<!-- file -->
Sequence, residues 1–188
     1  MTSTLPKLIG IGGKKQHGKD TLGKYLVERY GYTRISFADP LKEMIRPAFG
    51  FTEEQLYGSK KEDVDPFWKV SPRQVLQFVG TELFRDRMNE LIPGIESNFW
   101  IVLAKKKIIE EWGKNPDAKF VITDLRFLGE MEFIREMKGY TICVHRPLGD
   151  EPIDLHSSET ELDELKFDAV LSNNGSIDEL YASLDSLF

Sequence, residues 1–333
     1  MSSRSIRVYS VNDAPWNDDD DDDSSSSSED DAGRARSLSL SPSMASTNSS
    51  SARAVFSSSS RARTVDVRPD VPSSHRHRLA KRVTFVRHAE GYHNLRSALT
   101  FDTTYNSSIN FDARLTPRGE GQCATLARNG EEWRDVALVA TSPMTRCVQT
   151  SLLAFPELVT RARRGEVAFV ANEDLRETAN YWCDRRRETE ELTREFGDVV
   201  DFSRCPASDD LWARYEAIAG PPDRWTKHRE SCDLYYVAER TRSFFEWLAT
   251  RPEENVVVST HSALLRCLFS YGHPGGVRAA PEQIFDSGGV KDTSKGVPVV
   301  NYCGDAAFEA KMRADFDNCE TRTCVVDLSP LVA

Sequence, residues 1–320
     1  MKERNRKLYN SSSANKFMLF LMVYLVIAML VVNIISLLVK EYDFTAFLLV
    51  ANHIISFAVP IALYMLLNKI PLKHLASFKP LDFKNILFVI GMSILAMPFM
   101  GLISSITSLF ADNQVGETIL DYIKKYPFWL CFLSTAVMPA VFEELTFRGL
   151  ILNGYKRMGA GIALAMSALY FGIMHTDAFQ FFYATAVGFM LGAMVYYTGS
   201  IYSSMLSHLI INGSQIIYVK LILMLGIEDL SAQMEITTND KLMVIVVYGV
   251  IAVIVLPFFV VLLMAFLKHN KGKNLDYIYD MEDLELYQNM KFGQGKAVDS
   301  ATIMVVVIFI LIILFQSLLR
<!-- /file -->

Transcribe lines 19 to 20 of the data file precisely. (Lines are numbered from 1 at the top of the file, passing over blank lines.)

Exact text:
   201  IYSSMLSHLI INGSQIIYVK LILMLGIEDL SAQMEITTND KLMVIVVYGV
   251  IAVIVLPFFV VLLMAFLKHN KGKNLDYIYD MEDLELYQNM KFGQGKAVDS